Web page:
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Title: Characterization of the acute phase response in critically ill children
Author: Agbeko, R. S.
Awarding Body: University College London (University of London)
Current Institution: University College London (University of London)
Date of Award: 2013
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Humans come into contact and interact with potential infective agents. The innate immune system is the first line of response to ward off infection. Innate immunity is, in part, under genetic control. This genetic control may help us understand the differences between individuals in preventing infection or limiting infectious and inflammatory illness. Systemic inflammation is a complex disorder that is difficult to define. Current definitions are derived from consensus meetings. A need has been expressed for a more useful definition of systemic inflammation. The work presented here identifies some of the underlying hereditability in limiting or being more vulnerable to severe infectious and injurious insults. Individual differences in complement activation potential and endotoxin recognition underlie part of the observed differences in a systemic inflammatory response to severe infection and injury. An exploratory study using heart rate variability as a non-invasive method to distinguish infectious systemic inflammation from sterile systemic inflammation was inconclusive. Chapter 1 gives the background to this study and an introduction to the approaches taken in this thesis. Chapter 2 describes in detail the methods used in the genetic association study and physiological systems analysis. Chapter 3 goes into some detail about the potential pitfalls in genotyping association studies and how these were addressed in the current study. The areas of genotypi ng quality, linkage disequilibrium, ethnicity, sample size and validation of previously done work are discussed using MBL-2 and ACE as examples. Chapter 4 is a description of the work done on genetic variability in the endotoxin receptor complex and how in may result in the host response to severe infection and physical insults. TLR4 polymorphisms were associated with lower platelet counts in severe inflammation. The reasons for this are unclear but may point to a direct effect of the TLR4 pathways on platelets or indicate that platelet counts are a more sensitive marker of systemic inflammation than SIRS criteria. These data support the view that variation in TLR4 function influences the early inflammatory response. This phenomenon may be one aspect of reduced fitness in the capacity to respond appropriately to an insult. Chapter 5 reports the central role of complement in the acute phase response. Polymorphisms in two out of the three complement activation pathways were shown to have potential modifying effects in paediatric systemic inflammation. This chapter reports that polymorphisms in the CFH gene may modulate the acute inflammatory response and corroborates the previously reported finding that MBL-2 variant genotypes are a risk factor for the early occurrence of SIRS/sepsis in a large cohort of paediatric critical care patients, independent of other potentially important functional polymorphisms in the complement and innate immunity system. A better understanding of how these polymorphisms operate at the pathophysi ol ogi cal level is needed before these findings can be translated to clinically useful therapeutic modalities. This study demonstrates that genetic polymorphisms associated with reduced complement activation may be associated with early SIRS/sepsis. This is consistent with a view that appropriate complement activation occurring early following an infectious or inflammatory insult protects children from early SIRS/sepsis. Chapter 6 assesses the usefulness of full MBL-2 genotyping and compares the MBL-2 genotype and M BL serum levels between a cohort of healthy children and a cohort of critically ill paediatric patients. MBL2 genotyping did not render more information with regards to M BL serum level when all promoter and structural polymorphisms were identified over and above structural polymorphisms and the XY promoter polymorphism. The children admitted with infection did not have a surplus of M BL deficient genotypes as compared with healthy children. This suggests that M BL deficient genotypes do not predispose to severe infection. M BL serum levels in SIRS or sepsis were lower compared with critically ill children without systemic inflammation. M BL levels were most reduced in the acute phase response in those genotypes with intermediate serum levels, which may reflect a consumption of M BL in critical illness and an inability to maintain pre-insult M BL serum levels. Chapter 7 explores a novel way to discriminate SIRS from sepsis by means of heart rate variability analysis. In this small paired sample study no differences were seen in LF metrics to differentiate sterile SIRS from sepsis. Neither was there a difference in LF metrics between those children who went on to develop a nosocomial infection and those who did not. Normalised HF was significantly higher in sterile SIRS vs. sepsis. These preliminary finding require further validation and a longitudinal approach in a larger cohort. Finally, Chapter 8 discusses the findings of this thesis in the context of interpretation and of the findings and potential future approaches. This thesis supports the view that better metrics are required to discriminate systemic inflammation as well as the concept that in children control of an inflammatory threat is aided by a vigorous capacity to respond.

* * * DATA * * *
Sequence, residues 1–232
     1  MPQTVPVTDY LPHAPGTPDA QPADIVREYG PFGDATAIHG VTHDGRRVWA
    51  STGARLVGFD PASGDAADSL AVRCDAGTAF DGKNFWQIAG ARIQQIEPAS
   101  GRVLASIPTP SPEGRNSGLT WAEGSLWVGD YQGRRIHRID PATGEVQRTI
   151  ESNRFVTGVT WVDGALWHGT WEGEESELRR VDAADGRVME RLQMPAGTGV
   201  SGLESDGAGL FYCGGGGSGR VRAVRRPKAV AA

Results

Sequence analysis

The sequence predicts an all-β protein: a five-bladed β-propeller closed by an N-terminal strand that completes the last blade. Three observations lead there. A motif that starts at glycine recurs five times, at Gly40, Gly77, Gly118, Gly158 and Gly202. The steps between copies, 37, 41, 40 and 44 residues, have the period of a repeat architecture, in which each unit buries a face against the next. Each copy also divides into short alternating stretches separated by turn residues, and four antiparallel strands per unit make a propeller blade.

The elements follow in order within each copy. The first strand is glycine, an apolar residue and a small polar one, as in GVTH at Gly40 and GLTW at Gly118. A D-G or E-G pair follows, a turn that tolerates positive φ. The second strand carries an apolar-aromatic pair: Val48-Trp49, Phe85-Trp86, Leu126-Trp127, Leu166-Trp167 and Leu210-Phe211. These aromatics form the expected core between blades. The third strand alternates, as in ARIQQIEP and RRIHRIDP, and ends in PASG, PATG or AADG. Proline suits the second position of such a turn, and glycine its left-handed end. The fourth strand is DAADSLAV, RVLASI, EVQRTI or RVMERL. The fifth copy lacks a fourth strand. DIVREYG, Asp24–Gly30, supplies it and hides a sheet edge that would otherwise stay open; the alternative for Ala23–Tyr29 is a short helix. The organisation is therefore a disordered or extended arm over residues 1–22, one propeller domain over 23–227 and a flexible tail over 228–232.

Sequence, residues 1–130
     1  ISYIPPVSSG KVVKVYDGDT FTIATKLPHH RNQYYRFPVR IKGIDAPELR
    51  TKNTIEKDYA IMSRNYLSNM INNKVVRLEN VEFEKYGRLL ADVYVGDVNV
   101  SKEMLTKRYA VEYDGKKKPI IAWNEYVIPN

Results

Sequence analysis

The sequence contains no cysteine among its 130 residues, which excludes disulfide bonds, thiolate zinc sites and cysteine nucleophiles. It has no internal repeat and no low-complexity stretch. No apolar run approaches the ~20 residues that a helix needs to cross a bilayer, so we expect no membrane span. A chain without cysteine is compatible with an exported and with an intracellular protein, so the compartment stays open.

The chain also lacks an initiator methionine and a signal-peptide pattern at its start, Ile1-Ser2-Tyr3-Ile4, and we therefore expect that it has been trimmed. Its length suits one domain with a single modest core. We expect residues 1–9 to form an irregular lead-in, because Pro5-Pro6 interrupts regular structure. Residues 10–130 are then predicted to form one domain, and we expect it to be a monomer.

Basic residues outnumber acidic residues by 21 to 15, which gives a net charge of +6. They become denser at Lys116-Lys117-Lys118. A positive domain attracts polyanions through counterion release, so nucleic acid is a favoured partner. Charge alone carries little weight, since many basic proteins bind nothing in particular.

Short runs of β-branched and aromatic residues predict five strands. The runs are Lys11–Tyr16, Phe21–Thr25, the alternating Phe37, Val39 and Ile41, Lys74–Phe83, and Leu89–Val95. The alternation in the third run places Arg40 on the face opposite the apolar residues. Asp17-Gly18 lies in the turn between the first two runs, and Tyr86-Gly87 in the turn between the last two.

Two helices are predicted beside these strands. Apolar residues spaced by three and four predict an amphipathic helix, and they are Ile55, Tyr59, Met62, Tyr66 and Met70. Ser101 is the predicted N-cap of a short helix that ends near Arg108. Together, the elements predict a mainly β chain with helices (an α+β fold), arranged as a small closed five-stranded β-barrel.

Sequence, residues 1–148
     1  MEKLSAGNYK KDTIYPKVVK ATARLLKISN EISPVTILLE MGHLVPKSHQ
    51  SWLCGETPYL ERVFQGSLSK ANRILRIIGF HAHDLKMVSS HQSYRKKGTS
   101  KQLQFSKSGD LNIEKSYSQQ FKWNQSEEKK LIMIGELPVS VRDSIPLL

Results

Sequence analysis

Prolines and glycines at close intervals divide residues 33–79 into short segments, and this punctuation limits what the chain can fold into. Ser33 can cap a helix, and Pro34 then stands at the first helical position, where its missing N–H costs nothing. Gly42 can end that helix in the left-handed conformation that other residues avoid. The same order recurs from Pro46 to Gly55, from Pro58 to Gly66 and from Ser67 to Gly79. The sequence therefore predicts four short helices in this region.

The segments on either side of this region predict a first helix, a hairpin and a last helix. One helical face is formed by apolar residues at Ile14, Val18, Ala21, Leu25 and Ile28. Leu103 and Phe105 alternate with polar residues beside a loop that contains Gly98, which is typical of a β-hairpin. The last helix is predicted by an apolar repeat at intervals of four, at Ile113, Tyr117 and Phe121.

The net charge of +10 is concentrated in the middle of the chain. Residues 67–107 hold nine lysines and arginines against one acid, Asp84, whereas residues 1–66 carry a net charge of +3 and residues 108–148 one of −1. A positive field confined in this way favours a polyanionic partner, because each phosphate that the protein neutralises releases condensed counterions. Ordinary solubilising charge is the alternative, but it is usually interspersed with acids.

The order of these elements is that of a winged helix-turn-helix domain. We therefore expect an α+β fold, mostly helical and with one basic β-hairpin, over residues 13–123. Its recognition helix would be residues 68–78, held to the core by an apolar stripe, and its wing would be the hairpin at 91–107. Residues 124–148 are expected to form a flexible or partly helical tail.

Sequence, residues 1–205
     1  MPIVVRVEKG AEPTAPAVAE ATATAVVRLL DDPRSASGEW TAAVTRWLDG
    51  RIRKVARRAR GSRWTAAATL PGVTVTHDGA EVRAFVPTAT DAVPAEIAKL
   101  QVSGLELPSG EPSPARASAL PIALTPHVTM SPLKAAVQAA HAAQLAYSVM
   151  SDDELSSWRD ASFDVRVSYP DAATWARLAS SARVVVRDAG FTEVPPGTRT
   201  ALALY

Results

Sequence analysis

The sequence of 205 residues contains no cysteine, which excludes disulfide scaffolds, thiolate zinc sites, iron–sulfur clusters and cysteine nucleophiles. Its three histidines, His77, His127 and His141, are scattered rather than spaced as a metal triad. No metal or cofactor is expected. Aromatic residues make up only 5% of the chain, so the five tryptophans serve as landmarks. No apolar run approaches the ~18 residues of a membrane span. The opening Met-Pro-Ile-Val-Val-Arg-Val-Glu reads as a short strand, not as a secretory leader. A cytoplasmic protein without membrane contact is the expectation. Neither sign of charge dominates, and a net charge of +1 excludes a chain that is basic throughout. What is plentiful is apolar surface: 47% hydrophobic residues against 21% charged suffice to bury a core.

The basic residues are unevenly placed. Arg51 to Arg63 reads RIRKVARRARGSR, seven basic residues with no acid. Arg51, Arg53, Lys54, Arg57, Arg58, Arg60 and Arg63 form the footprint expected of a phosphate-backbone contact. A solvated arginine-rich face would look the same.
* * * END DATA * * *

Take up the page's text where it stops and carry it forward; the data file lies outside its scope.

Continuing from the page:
Supervisor: Not available Sponsor: Not available
Qualification Name: Thesis (Ph.D.) Qualification Level: Doctoral
EThOS ID:  DOI: Not available